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Despite the increased appreciation for the relationship between diabetes mellitus and depression, no intervention studies in primary care have focused on the integration of depression and Type 2 diabetes mellitus treatment. The goal of this proposal is to integrate depression services into improving adherence for oral hypoglycemic agents so that a single program can assist patients. The investigators hypothesize that patients in the intervention will demonstrate improved adherence to patients' entire treatment regimen including diet and exercise, insulin, oral hypoglycemic agents, antidepressants, and counseling.
Many older patients do not take their medications for Type 2 diabetes mellitus (DM) as prescribed by their physician. Depression is common among patients with Type 2 DM and may be the reason why patients do not take their medications as prescribed. A program in which Type 2 DM and depression are treated together in primary care would improve the health of older patients with both Type 2 diabetes and depression and would be practical in real world practices with competing demands for limited resources. There is an urgent need for research that can bring potentially life-extending strategies to older patients with both diabetes and depression. People can better control their Type 2 DM if they treat their depression and the same strategies can be used to help patients take their medications for both conditions. In this program patients would be involved in identifying problems with taking their medicines and working on solutions. The aims of this program would be to improve how patients take their medications for Type 2 DM and depression as well as blood glucose control and symptoms of depression over 6 months. To see whether this program works the investigators will compare the results of patients receiving this program to those who do not receive the program. Findings may lead to the development of other programs in which depression and chronic medical conditions are treated together.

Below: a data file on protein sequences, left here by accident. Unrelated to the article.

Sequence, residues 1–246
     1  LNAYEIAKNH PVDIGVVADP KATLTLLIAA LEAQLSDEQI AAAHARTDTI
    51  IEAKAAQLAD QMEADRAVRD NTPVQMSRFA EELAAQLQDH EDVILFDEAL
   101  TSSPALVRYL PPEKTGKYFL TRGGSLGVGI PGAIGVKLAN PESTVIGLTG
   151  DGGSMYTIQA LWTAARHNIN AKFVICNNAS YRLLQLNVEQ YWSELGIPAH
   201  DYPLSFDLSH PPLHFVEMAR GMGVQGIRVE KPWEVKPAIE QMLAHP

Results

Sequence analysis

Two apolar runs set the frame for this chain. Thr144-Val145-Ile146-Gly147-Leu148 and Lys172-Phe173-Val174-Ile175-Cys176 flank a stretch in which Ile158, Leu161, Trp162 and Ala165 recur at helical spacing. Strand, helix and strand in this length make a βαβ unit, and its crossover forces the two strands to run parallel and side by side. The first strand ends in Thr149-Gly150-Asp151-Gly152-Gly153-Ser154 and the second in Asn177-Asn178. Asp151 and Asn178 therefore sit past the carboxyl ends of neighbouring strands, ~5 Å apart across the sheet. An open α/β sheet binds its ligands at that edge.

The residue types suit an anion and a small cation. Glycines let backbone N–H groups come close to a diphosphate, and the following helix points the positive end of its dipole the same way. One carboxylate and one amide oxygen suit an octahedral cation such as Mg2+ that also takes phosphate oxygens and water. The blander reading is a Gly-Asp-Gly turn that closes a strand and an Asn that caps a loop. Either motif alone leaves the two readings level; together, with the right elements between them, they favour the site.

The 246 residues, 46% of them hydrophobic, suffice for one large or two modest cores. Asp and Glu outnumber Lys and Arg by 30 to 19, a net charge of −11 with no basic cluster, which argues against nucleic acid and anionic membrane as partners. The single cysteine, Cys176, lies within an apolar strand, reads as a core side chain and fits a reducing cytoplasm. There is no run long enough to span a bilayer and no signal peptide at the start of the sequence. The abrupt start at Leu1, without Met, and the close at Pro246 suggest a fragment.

Allocation: Randomized, Endpoint Classification: Efficacy Study, Intervention Model: Parallel Assignment, Masking: Double Blind (Subject, Investigator), Primary Purpose: Treatment
Type 2 Diabetes Mellitus
University of Pennsylvania
University of Pennsylvania
Published on BioPortfolio: 2014-08-27T03:14:46-0400
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A subclass of DIABETES MELLITUS that is not INSULIN-responsive or dependent (NIDDM). It is characterized initially by INSULIN RESISTANCE and HYPERINSULINEMIA; and eventually by GLUCOSE INTOLERANCE; HYPERGLYCEMIA; and overt diabetes. Type II diabetes mellitus is no longer considered a disease exclusively found in adults. Patients seldom develop KETOSIS but often exhibit OBESITY.
The time period before the development of symptomatic diabetes. For example, certain risk factors can be observed in subjects who subsequently develop INSULIN RESISTANCE as in type 2 diabetes (DIABETES MELLITUS, TYPE 2).
A subtype of DIABETES MELLITUS that is characterized by INSULIN deficiency. It is manifested by the sudden onset of severe HYPERGLYCEMIA, rapid progression to DIABETIC KETOACIDOSIS, and DEATH unless treated with insulin. The disease may occur at any age, but is most common in childhood or adolescence.
A type of diabetes mellitus that is characterized by severe INSULIN RESISTANCE and LIPODYSTROPHY. The latter may be generalized, partial, acquired, or congenital (LIPODYSTROPHY, CONGENITAL GENERALIZED).
A life-threatening complication of diabetes mellitus, primarily of TYPE 1 DIABETES MELLITUS with severe INSULIN deficiency and extreme HYPERGLYCEMIA. It is characterized by excessive LIPOLYSIS, oxidation of FATTY ACIDS, production of KETONE BODIES, a sweet smell to the breath (KETOSIS;) DEHYDRATION; and depressed consciousness leading to COMA.
Depression is a serious mental health condition, where sad feelings carry on for weeks or months and interfere with your life. The symptoms include feeling unhappy most of the time (but may feel a little better in the evenings), loosing interest in lif...